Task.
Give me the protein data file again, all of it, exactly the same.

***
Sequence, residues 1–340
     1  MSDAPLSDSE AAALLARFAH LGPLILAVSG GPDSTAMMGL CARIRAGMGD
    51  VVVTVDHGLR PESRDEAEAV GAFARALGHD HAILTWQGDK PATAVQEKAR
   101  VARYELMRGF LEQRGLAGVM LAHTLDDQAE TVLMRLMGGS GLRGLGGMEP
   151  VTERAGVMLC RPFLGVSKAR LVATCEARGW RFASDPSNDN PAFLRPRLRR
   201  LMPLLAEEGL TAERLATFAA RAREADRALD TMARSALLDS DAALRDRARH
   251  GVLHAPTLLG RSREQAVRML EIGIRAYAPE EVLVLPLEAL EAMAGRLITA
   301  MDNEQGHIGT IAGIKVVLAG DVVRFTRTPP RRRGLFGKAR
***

Sequence, residues 1–340
     1  MSDAPLSDSE AAALLARFAH LGPLILAVSG GPDSTAMMGL CARIRAGMGD
    51  VVVTVDHGLR PESRDEAEAV GAFARALGHD HAILTWQGDK PATAVQEKAR
   101  VARYELMRGF LEQRGLAGVM LAHTLDDQAE TVLMRLMGGS GLRGLGGMEP
   151  VTERAGVMLC RPFLGVSKAR LVATCEARGW RFASDPSNDN PAFLRPRLRR
   201  LMPLLAEEGL TAERLATFAA RAREADRALD TMARSALLDS DAALRDRARH
   251  GVLHAPTLLG RSREQAVRML EIGIRAYAPE EVLVLPLEAL EAMAGRLITA
   301  MDNEQGHIGT IAGIKVVLAG DVVRFTRTPP RRRGLFGKAR